It is important for patients to understand why the Biobank is needed and what will happen to their samples before any donations take place.
Below are some common questions and answers, which provide a better understanding of patient involvement.
Q. What is the MCRC Biobank?
A. The MCRC Biobank collects tissue, blood and urine samples from cancer patients across Manchester and stores them centrally. Researchers can then access these samples and use them for their own cancer research projects.
Q. Why do we need a Cancer Biobank?
A. In recent years a lot of progress has been made in understanding cancer. However, more research needs to be done to help us understand the causes of cancer and also to discover new methods for diagnosis and treatment. It is very important that we have a large number of tissue, blood and other samples from people with cancer to allow this extra research to take place. It is also import for us to collect normal tissue from patients having surgery for other reasons so that comparisons can be made.
Q. What will happen to samples donated to the Biobank?
A. The Manchester Cancer Research Centre Biobank aims to help researchers by collecting large numbers of tissue, blood and other samples from people with many different types of cancer and normal tissue for comparison. Ethically approved research groups and also pharmaceutical companies, who make new cancer drugs and medicines, will use the samples collected. The bank will be of great benefit to clinical researchers, whose work relies on the analysis of donated human samples.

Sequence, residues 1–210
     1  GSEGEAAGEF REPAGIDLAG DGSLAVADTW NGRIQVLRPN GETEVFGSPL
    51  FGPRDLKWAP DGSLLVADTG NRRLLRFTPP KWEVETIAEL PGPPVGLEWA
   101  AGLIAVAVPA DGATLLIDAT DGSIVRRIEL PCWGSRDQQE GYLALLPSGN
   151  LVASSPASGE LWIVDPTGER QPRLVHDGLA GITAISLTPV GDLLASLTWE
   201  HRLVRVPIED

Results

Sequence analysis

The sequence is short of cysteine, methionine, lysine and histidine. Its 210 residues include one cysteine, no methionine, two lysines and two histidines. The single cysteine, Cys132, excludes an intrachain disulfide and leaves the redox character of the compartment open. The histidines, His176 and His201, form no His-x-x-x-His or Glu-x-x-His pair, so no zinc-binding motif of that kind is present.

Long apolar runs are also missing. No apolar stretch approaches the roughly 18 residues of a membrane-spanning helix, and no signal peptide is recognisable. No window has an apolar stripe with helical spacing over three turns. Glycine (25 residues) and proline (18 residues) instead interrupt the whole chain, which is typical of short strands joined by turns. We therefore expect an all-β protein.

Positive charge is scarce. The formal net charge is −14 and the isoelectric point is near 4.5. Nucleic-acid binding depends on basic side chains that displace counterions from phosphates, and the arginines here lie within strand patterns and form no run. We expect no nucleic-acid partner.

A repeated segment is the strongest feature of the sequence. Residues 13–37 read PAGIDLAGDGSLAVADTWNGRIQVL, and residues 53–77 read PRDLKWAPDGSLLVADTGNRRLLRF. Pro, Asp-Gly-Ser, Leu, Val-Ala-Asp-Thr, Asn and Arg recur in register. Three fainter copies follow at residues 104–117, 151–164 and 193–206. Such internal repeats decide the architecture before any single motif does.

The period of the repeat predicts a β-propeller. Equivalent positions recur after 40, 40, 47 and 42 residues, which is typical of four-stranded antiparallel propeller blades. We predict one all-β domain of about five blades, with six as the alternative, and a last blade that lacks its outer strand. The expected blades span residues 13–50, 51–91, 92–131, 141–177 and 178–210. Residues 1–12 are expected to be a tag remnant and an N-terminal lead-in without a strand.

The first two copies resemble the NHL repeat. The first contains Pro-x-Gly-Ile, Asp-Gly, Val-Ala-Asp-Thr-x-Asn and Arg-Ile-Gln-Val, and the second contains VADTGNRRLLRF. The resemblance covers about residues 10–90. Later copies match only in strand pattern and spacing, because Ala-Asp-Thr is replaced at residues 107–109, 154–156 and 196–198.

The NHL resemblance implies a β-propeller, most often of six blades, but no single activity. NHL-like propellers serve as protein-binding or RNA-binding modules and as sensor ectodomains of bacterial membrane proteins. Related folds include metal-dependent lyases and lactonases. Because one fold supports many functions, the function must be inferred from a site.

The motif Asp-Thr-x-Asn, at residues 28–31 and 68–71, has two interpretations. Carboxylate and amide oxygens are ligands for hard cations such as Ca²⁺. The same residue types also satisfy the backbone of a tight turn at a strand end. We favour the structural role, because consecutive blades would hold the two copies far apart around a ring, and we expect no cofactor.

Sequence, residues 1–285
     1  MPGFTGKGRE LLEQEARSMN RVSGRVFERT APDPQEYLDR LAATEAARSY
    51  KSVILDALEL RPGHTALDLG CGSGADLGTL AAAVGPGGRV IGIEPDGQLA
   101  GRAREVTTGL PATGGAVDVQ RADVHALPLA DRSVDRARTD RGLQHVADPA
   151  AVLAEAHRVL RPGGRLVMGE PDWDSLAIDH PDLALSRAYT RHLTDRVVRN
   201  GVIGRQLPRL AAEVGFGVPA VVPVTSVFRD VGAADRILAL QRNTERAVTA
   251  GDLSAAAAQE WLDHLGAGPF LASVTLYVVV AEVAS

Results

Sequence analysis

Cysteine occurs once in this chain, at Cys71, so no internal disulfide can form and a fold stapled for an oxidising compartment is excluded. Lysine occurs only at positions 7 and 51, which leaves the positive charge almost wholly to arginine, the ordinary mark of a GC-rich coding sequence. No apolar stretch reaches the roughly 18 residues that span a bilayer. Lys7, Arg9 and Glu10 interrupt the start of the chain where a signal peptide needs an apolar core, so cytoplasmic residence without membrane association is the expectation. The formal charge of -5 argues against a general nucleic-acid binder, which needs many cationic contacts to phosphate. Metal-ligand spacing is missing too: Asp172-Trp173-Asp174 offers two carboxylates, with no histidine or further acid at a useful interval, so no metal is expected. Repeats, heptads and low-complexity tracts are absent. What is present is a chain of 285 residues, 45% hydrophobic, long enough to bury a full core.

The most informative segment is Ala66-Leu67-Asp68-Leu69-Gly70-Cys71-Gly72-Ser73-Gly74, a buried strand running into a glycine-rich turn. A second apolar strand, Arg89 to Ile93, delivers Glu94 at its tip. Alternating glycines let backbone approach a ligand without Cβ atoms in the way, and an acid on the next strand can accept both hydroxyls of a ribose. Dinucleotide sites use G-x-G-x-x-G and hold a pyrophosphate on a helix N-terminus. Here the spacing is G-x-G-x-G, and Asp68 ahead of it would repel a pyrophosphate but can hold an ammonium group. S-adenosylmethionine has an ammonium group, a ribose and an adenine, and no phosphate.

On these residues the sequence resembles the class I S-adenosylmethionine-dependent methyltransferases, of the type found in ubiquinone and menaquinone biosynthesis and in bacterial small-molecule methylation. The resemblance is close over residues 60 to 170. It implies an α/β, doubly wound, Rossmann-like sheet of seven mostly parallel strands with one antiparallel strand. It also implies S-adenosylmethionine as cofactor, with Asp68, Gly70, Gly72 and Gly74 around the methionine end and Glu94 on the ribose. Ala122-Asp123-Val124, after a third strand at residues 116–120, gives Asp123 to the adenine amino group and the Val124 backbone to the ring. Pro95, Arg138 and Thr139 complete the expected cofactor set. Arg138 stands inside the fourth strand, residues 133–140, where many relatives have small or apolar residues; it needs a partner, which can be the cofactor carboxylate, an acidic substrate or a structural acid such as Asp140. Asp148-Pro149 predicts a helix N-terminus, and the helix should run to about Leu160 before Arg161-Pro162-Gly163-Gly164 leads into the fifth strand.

Q. Can I donate to the MCRC Biobank?
A. The Biobank have permission to work closely with doctors and their teams to identify suitable cases for sample collection. If you are eligible to donate, a Biobank Technician will come to talk to you and give you a more detailed Patient Information Sheet to read. If you then decide you would like to donate some samples to the Biobank, we will ask you to sign a form to give your consent. There is no obligation to donate to the Biobank and if you don’t want to be approached by the Biobank, please let your doctor know. This will not impact on your treatment in any way.
Q. How will my data be used?
A. Information about the people who give samples will be securely stored at The Christie NHS Foundation Trust and is necessary so that we can relate what we find in our research to what happens to patients. This is because cancer is not a single disease and the way it affects individuals varies from person-to-person.
It is important to know that any personal information collected by the Biobank will not be released by the Biobank. Before any data is released for research, all personal identifiers will be removed and your data will be completely anonymous to anyone using it.
Q. What else do the Biobank do to facilitate cancer research?
A. When people have operations, their tissue is sent to a pathology department for analysis. Any leftover tissue is stored within the hospital, most of which never gets used. This is a vital cancer research resource and the Biobank can legally collect this tissue from patients who had their surgery before 1st September 2006 and put it in the Biobank so that it can be used for research. To make this resource valuable the tissue also needs to be linked to patient data. The Biobank have permission to identify suitable cases from the pathology archives and are fully trained to make sure any personal identifiable information is stored securely and anonymised before it is released for research.
For more details about the use of patient samples, please click here.
Q. Will anybody make a profit from the tissue collected?
A. The MCRC Biobank will not benefit financially from supplying samples to researchers, although we may make a charge to cover the time and materials required to process and store the samples.